The age-old adage “volume is everything” in healthcare may not go away entirely, but it is evolving. CFOs increasingly steer their organizations toward cost-efficient practices rather than merely focusing on volume growth. Shifting performance measures from volume to efficiency is worthwhile, even if it is a departure from traditional thinking. This habit is needed as the industry acknowledges the importance of cost-effective care delivery—and the value within risk-based payment programs.

    Execute Beyond Technology

    Technological solutions typically rely on business cases and aim to provide essential tools for modern operations. However, this technology assessment must go beyond adoption and implementation. The true value lies in the execution of the solution and the insights gained from its use and performance. Sound systems require good data to meet their potential. As an example, a national home goods retailer conducted an RFP and needs assessment for its 1,200-truck delivery fleet. The organization derived information to extend the contract with a current vendor. The negotiation resulted in over $1.8M in savings through invoice credits, cash retention bonuses, and contracted cost savings. Most notably, the negotiation never disrupted distribution. The habit of “focus and finish”—connecting technology with non-tech performance measures—ensures that insights are effectively translated into actionable strategies. The discipline to perform a rigorous “look back” analysis on major technology investments is essential to achieving the promised ROI.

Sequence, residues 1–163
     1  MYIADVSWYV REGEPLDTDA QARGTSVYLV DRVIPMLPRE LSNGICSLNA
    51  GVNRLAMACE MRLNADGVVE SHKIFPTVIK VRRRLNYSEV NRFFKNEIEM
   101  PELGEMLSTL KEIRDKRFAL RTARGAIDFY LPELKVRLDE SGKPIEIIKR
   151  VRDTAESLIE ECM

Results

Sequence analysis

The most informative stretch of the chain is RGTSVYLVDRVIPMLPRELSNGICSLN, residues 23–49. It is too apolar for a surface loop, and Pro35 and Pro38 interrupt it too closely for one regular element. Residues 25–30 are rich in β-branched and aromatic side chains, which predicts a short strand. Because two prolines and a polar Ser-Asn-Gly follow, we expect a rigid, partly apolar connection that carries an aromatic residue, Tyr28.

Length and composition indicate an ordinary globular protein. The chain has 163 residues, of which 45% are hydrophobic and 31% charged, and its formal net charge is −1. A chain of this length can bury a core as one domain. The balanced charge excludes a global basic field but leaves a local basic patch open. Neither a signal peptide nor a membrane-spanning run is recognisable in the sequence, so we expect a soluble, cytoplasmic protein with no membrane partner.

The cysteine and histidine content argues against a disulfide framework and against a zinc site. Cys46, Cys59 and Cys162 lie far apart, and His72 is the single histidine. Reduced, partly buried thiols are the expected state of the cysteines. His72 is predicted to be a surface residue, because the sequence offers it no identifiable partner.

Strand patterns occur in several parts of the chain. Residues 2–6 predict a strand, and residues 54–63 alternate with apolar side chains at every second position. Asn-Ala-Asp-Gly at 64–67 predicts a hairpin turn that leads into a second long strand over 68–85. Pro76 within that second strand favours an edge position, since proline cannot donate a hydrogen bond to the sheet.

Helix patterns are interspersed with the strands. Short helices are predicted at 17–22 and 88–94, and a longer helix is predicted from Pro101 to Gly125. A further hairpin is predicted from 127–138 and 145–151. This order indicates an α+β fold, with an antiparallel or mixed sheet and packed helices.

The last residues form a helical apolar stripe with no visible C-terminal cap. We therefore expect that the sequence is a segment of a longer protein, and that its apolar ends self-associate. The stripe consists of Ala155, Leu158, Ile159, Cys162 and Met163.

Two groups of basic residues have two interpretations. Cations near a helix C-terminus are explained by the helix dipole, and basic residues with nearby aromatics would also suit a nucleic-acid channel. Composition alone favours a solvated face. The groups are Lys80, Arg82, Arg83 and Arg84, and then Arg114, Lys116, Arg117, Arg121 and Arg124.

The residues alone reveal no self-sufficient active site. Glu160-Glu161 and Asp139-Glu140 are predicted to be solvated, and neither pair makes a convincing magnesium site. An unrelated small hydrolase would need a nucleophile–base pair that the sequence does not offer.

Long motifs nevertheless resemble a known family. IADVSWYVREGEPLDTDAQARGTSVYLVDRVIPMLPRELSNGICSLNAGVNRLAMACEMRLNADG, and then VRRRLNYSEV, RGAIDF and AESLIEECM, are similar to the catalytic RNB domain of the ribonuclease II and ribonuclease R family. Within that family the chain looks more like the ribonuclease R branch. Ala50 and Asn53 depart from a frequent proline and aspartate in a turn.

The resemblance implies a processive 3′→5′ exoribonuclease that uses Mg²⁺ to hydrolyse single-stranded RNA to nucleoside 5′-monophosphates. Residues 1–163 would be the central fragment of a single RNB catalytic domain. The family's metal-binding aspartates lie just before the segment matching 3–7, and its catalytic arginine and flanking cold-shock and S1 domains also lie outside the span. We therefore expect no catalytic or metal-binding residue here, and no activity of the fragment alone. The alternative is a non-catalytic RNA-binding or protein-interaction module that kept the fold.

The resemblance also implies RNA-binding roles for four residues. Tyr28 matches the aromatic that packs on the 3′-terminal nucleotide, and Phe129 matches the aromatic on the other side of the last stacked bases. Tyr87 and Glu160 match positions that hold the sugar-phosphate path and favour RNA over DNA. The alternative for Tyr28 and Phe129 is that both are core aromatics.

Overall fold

Embrace Data and Strategies Beyond Your Four Walls

    There is a world of insights and opportunities beyond the healthcare industry. Although healthcare is unique compared to other industries, there are insights and lessons to be learned from looking at how business is conducted outside of healthcare. For example, wouldn’t a hospital want to know what the local university pays for groundskeeping in the same city? What about bank processing and other financial fees? In one case, the CFO of a big-box retailer looked beyond the industry for insights and saved over $10M by uncovering overcharged credit card processing fees that had slipped past their internal process for more than four years. With this information, the CFO and team negotiated a refund of the fees and all credit card agreements.